Abstract: The mechanisms responsible for the antiproliferative and cytotoxic effects of the anthracycline antibiotics doxorubicin (Adriamycin®) and daunorubicin (daunomycin) have been the subject of considerable controversy. This commentary addresses the potential role of DNA synthesis inhibition, free radical formation and lipid peroxidation, DNA binding and alkylation, DNA cross-linking, interference with DNA strand separation and helicase activity, direct membrane effects, and the initiation of DNA damage via the inhibition of topoisomerase II in the interaction of these drugs with the tumor cell. One premise underlying this analysis is that only studies utilizing drug concentrations that reflect the plasma levels in the patient after either bolus administration or continuous infusion are considered to reflect the basis for drug action in the clinic. The role of free radicals in anthracycline cardiotoxicity is also discussed.

2,001 citations

Journal ArticleDOI
TL;DR: The tumors most commonly responding to doxorubicin when it is given as a single agent or in combination with other antitumor agents include breast and esophageal carcinomas; osteosarcoma, Kaposi's sarcoma and soft-tissue sarcomas; and Hodgkin's and non-Hodgkin's lymphomas.
Abstract: Doxorubicin (Adriamycin) has been used in oncologic practice since the late 1960s. It held promise as a powerful drug in the fight against cancer. The tumors most commonly responding to doxorubicin when it is given as a single agent or in combination with other antitumor agents include breast and esophageal carcinomas; osteosarcoma, Kaposi's sarcoma, and soft-tissue sarcomas; and Hodgkin's and non-Hodgkin's lymphomas. Other cancers that are less responsive to doxorubicin but that are still treated with the drug because of its overall benefits include gastric, liver, bile-duct, pancreatic, and endometrial carcinomas. However, reports of fatal cardiotoxic effects of doxorubicin have . . .

1,585 citations

Journal ArticleDOI
TL;DR: The frontline drug doxorubicin has been used for treating cancer for over 30 years but causes toxicity to most major organs, especially life‐threatening cardiotoxicity, which forces the treatment to become dose‐limiting.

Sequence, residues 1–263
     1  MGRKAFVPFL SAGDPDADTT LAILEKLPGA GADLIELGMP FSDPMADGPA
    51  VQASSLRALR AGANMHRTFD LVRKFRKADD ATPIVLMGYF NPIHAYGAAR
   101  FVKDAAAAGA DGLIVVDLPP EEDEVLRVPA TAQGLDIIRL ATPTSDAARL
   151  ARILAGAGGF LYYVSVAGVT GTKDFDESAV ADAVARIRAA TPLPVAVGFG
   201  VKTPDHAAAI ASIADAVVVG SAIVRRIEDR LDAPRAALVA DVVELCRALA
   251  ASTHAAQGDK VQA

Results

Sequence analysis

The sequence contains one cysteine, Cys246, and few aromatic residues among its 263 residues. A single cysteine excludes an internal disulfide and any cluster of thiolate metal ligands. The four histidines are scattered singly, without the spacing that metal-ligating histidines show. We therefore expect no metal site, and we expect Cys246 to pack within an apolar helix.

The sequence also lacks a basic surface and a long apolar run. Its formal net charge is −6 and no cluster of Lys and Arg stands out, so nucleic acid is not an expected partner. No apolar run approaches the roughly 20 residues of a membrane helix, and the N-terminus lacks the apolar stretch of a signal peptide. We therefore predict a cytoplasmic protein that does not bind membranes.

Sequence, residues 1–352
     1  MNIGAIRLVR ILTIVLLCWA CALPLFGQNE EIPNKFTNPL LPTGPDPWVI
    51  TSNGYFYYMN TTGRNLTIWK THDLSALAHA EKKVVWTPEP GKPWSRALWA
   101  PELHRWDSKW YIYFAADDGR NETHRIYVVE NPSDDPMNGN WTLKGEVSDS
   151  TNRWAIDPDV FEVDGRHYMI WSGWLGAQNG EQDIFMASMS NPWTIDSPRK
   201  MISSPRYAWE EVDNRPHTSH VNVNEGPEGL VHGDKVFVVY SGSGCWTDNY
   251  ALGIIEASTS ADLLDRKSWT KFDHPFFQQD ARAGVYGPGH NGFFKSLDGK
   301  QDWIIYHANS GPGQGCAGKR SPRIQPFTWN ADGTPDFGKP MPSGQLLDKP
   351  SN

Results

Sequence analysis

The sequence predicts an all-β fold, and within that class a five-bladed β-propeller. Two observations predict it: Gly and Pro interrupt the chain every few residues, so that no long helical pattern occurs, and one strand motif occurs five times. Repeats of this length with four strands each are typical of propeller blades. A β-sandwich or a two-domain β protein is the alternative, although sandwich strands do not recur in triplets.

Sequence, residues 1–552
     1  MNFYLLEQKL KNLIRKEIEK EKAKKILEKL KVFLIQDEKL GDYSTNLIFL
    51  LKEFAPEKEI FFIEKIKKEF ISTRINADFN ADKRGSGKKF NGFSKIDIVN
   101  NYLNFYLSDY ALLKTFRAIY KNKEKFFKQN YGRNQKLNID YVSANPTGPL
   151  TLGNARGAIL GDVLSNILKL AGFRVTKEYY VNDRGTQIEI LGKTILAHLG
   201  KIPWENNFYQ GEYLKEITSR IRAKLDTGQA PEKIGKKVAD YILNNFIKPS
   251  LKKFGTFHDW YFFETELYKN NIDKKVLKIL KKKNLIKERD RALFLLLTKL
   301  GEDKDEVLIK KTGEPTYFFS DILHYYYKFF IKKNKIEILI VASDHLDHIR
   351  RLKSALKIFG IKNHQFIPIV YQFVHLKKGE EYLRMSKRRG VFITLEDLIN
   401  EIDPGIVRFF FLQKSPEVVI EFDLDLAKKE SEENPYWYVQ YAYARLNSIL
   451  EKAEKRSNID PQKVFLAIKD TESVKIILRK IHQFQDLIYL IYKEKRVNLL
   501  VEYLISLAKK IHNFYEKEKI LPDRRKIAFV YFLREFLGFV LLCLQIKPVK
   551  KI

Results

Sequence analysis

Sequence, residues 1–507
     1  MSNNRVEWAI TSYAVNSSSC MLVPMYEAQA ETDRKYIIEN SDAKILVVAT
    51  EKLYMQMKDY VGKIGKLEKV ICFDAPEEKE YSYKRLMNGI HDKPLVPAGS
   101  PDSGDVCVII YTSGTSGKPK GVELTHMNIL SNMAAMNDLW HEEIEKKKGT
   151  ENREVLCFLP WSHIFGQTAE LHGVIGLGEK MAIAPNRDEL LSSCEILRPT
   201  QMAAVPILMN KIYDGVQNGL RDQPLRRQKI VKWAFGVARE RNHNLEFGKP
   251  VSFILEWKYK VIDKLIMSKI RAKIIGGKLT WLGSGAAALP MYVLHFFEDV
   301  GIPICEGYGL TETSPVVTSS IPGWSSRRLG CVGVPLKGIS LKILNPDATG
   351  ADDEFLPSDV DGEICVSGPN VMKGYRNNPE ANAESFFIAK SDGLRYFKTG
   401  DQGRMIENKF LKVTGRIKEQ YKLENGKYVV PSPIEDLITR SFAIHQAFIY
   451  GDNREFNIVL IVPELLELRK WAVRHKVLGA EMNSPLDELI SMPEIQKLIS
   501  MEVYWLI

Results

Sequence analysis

Abstract: Objectives The frontline drug doxorubicin has been used for treating cancer for over 30 years. While providing a cure in select cases, doxorubicin causes toxicity to most major organs, especially life-threatening cardiotoxicity, which forces the treatment to become dose-limiting. Key findings Doxorubicin is known to bind to DNA-associated enzymes, intercalate with DNA base pairs, and target multiple molecular targets to produce a range of cytotoxic effects. For instance, it causes the activation of various molecular signals from AMPK (AMP-activated protein kinase inducing apoptosis) to influence the Bcl-2/Bax apoptosis pathway. By altering the Bcl-2/Bax ratio, downstream activation of different caspases can occur resulting in apoptosis. Doxorubicin also induces apoptosis and necrosis in healthy tissue causing toxicity in the brain, liver, kidney and heart. Over the years, many studies have been conducted to devise a drug delivery system that would eliminate these adverse affects including liposomes, hydrogel and nanoparticulate systems, and we highlight the pros and cons of these drug delivery systems. Summary Overall the future for the continued use of doxorubicin clinically against cancer looks set to be prolonged, provided certain enhancements as listed above are made to its chemistry, delivery and toxicity. Increased efficacy depends on these three aims being met satisfactorily as discussed in turn in this review.

1,536 citations


Network Information
Related Topics (5)
Cell growth

104.2K papers, 3.7M citations

87% related
Apoptosis

115.4K papers, 4.8M citations

86% related
Cell culture

133.3K papers, 5.3M citations

86% related
Cancer

339.6K papers, 10.9M citations

84% related
Programmed cell death

60.5K papers, 3.8M citations

82% related
Performance
Metrics
No. of papers in the topic in previous years
YearPapers
20225
2021503
2020559
2019539
2018514
2017442